First Ever 'Godless' Conference in Colo.
KREX News Room
GRAND JUNCTION, Colo.- Nonreligious people from all over the country traveled to Grand Junction Saturday for the inaugural Colorado Secular Conference. The event was organized by Humanists Doing Good.
Over 120 people gathered at Colorado Mesa University for the event.
Founder of Western Colorado Atheists and Freethinkers, Anne Landman, said, “Huge milestone, something that just hasn’t happened in Colorado before. It’s here, its 21st century and we’re doing it.”
Co-director of the Colorado Secular Coalition, Murray Wallace, said, “It’s not about removing religion or supporting one specific ideology. It’s about allowing every ideology to be prevalent.”
Speakers from various organizations talked about what they hope to achieve in the future.
Kathleen Hynes, a volunteer speaker with the ACLU, said, “We always appreciate an opportunity to speak to people about their civil rights and their civil liberties.”
Research and advocacy manager for the Secular Coalition of America, Kelly Damerow, said, “While we’re working in D.C. to fight religious privileging on a federal level, we’re really noticing that the most egregious violations of church and state are happening on the state level.”
Michael Werner with the United Coalition of Reason said, “I’m from Wilmington, North Carolina. There we have the city council, as I may understand you have here, still doing sectarian prayers. That’s just not playing fair.”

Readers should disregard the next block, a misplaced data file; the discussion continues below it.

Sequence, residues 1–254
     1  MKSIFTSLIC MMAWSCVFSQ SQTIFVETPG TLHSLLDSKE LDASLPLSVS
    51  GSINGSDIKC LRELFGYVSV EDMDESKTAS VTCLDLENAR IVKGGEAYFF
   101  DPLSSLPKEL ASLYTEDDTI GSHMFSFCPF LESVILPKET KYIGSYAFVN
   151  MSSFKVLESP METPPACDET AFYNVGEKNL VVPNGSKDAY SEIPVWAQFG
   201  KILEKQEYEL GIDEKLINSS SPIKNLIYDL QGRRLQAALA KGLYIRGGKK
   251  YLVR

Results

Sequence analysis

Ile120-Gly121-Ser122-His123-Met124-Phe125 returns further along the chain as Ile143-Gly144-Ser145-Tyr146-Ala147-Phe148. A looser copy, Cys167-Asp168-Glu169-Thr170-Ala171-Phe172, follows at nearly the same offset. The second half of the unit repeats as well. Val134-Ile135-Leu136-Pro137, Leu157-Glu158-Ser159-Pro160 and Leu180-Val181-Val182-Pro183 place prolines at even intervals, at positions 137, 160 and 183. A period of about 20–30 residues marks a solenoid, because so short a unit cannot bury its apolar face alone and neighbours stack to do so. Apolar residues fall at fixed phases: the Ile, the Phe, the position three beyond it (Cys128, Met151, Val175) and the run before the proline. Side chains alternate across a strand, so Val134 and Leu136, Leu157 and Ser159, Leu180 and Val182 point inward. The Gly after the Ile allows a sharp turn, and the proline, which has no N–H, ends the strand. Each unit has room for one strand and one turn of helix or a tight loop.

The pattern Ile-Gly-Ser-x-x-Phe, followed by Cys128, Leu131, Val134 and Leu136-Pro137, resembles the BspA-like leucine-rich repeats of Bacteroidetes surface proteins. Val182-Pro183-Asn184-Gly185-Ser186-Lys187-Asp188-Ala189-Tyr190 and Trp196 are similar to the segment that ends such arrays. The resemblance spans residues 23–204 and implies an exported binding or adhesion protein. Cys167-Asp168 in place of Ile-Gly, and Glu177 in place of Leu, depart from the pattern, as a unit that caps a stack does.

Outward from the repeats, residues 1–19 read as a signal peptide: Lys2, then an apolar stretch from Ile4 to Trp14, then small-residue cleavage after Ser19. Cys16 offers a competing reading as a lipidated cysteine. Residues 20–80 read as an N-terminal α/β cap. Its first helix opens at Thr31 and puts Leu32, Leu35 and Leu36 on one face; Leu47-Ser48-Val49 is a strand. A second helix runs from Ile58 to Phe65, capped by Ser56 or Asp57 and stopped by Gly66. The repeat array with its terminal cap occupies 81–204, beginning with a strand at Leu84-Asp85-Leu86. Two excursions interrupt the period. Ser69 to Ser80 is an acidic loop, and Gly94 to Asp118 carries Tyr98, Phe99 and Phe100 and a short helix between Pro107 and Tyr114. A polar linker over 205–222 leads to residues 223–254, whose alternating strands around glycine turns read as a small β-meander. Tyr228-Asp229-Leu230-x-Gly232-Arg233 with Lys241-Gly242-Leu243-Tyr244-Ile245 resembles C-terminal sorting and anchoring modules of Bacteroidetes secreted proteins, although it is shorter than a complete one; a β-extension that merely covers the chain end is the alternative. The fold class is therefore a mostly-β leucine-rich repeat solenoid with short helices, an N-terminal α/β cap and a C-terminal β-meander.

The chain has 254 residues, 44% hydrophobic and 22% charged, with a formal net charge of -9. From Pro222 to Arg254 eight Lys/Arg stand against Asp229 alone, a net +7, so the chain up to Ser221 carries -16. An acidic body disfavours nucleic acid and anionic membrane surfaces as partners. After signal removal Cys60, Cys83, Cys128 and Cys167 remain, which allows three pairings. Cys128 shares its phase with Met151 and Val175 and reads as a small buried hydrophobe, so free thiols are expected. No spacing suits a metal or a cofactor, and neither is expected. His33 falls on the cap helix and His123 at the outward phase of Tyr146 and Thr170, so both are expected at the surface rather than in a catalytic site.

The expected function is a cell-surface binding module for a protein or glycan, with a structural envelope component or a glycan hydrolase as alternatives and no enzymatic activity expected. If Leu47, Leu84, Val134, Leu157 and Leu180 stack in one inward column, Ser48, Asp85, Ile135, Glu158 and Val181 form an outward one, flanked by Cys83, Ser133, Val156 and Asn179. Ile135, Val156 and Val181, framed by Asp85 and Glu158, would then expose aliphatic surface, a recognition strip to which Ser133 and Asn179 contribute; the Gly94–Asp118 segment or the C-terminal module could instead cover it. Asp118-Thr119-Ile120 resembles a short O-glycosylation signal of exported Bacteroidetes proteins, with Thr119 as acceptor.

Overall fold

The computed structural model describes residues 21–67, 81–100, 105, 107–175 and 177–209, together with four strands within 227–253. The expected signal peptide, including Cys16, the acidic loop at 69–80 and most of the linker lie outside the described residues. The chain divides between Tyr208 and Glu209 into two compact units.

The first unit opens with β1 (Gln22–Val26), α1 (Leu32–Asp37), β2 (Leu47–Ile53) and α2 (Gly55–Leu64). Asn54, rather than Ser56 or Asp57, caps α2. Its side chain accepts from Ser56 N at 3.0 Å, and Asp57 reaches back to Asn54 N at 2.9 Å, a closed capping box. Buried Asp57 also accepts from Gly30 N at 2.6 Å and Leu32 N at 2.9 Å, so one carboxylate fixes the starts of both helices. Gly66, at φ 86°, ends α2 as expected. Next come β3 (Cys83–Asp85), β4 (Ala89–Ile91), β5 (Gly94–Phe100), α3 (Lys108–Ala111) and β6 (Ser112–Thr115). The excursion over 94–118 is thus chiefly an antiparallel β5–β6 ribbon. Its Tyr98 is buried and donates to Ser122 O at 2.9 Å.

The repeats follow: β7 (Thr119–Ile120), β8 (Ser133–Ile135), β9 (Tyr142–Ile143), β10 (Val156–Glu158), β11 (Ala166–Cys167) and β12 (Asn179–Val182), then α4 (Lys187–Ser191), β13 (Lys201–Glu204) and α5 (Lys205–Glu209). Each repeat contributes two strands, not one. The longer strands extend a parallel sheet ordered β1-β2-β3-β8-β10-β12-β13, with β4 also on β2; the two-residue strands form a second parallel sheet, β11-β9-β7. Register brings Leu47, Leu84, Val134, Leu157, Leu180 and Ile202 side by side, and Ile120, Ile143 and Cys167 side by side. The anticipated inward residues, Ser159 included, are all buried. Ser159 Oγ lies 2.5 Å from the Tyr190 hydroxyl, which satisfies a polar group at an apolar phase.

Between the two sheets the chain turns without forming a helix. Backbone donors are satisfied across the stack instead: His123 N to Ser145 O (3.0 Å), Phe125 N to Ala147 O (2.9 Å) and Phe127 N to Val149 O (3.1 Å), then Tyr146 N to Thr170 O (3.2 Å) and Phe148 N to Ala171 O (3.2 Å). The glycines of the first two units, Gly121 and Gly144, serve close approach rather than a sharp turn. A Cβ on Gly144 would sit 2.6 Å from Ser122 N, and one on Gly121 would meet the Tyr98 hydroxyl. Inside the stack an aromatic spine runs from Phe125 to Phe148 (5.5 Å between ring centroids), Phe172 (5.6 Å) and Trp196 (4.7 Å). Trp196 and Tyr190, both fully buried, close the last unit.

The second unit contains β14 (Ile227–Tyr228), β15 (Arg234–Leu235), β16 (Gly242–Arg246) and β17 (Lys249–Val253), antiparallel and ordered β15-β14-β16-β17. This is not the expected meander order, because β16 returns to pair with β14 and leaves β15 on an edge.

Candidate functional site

Local leaders within the secular community say prayer before public meetings is an issue they're tackling, too
Landman said, “It’s completely illegal and we’ve raised that point with the County Commissioners just as we raised it with the city. The two entities acted completely differently."
Landman says that only the city really acknowledged they were violating the constitution.
“The County Commissioners instead dug in and worked to find a way to keep prayer ... simply by gaveling the meeting to start immediately after the prayer.”
Despite these conflicts, organizers say there’s an important message they are trying to send.
Velvet Johnson, the volunteer coordinator for Humanists Doing Good, said, “To work with the religious and the nonreligious to bring everyone together to make Mesa County a better place to live.”
Benjamin Donahue with the Colorado Secular Coalition said, “Secularism is not anti-religion. It is recognition that the government should not be taking sides in religious disputes."
They hope this conference and ones in the future will unite people, no matter what they do or do not believe in.